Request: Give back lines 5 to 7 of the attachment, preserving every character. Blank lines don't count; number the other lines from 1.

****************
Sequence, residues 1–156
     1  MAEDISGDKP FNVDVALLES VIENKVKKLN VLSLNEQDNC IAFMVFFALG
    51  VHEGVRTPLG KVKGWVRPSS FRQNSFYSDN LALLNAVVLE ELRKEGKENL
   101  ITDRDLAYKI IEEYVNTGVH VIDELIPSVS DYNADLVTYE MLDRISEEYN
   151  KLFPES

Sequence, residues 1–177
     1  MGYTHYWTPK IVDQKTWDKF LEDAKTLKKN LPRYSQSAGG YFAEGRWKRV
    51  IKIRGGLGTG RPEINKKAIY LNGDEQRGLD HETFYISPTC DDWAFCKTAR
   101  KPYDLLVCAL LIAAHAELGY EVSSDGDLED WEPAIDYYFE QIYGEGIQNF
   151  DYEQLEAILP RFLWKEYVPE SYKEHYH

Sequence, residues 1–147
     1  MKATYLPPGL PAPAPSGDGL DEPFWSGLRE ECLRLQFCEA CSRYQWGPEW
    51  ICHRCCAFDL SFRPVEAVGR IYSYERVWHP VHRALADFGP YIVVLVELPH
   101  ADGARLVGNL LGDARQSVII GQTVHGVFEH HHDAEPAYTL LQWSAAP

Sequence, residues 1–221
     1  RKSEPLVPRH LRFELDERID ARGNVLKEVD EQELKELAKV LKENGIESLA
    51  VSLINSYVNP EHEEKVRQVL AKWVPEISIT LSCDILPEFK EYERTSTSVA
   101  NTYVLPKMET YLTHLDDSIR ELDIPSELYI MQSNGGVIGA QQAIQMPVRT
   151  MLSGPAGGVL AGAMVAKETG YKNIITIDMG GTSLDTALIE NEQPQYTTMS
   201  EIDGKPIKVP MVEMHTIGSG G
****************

   151  KLFPES

Sequence, residues 1–177
     1  MGYTHYWTPK IVDQKTWDKF LEDAKTLKKN LPRYSQSAGG YFAEGRWKRV